The goal of antiviral therapy is to improve the quality of life and survival of patients with chronic hepatitis B ( CHB ) by halting the progression to cirrhosis, end- stage liver disease or hepatocellular carcinoma ( HCC ), thus preventing anticipated liver- related death. Oral administration of potent and less resistance- prone nucleot(s)ide analogues ( NUC s), such as entecavir ( ETV ) and tenofovir disoproxil fumarate ( TDF ) has become the most popular treatment strategy worldwide because of their excellent efficacy and safety profile as well as easy management confirmed in both registration trials and in clinical practice studies. Long- term administration of ETV or TDF suppresses HBV replication in >95% of patients, resulting in biochemical remission, histological improvement including the regression of cirrhosis and prevention or reversal of clinical decompensation but not the development of HCC , particularly in patients with cirrhosis. Moreover, NUC s can be administered to all patients including those with severe liver disease, the elderly and in those who do not respond, are unwilling to take or have contraindications to interferon. The need for long- term, perhaps indefinite, treatment is the main limitation of NUC s therapy with the associated costs, unknown long- term safety and the low rates of hepatitis B surface antigen ( HB sAg) seroclearance, which is still the best stopping rule for NUC s- treated patients with cirrhosis.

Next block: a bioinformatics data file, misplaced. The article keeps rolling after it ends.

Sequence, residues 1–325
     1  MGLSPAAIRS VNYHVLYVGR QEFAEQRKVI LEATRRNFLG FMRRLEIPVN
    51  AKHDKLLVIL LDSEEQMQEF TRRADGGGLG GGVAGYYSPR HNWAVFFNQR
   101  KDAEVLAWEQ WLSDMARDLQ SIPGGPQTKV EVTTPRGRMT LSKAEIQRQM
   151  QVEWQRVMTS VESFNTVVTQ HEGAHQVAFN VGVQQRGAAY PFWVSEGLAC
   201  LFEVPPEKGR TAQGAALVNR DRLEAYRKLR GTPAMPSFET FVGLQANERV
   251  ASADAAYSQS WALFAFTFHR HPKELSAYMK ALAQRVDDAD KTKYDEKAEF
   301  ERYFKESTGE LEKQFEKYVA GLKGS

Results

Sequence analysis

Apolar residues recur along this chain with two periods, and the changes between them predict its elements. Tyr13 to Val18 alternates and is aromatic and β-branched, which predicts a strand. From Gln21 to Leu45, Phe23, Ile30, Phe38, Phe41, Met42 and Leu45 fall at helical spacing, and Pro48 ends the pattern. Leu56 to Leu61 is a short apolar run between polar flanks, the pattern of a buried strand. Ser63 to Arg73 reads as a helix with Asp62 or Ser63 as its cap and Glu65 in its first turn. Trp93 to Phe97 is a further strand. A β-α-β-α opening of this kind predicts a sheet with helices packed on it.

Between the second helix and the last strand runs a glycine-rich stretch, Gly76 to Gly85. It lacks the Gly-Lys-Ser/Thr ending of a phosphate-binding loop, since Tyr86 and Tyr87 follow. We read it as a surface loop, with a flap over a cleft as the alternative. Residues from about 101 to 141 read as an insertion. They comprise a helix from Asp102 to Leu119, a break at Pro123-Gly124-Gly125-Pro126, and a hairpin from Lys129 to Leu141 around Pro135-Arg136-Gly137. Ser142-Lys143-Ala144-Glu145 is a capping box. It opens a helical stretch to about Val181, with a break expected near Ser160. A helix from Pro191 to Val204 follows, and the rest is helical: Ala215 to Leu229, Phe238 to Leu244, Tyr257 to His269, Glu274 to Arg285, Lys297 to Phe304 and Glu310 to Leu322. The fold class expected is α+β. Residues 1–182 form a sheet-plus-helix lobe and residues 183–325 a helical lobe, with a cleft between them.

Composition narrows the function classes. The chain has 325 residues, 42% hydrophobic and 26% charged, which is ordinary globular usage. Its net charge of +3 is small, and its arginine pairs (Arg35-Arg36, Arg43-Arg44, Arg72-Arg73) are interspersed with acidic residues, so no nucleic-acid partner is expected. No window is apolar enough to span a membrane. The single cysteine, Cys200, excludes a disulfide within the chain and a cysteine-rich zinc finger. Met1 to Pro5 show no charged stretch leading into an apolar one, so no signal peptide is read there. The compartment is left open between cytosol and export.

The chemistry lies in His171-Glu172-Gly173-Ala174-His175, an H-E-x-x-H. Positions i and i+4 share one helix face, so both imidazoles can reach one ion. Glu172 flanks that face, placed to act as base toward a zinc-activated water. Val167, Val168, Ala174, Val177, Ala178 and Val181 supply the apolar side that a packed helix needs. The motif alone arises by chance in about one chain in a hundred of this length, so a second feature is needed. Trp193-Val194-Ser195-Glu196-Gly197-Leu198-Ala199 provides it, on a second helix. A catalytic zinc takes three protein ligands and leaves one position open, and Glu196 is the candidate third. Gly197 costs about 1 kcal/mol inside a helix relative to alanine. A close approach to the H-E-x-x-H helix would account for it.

K E Y W O R D S
cirrhosis , hepatitis B , hepatocellular carcinoma , nucleot(s)ides analogues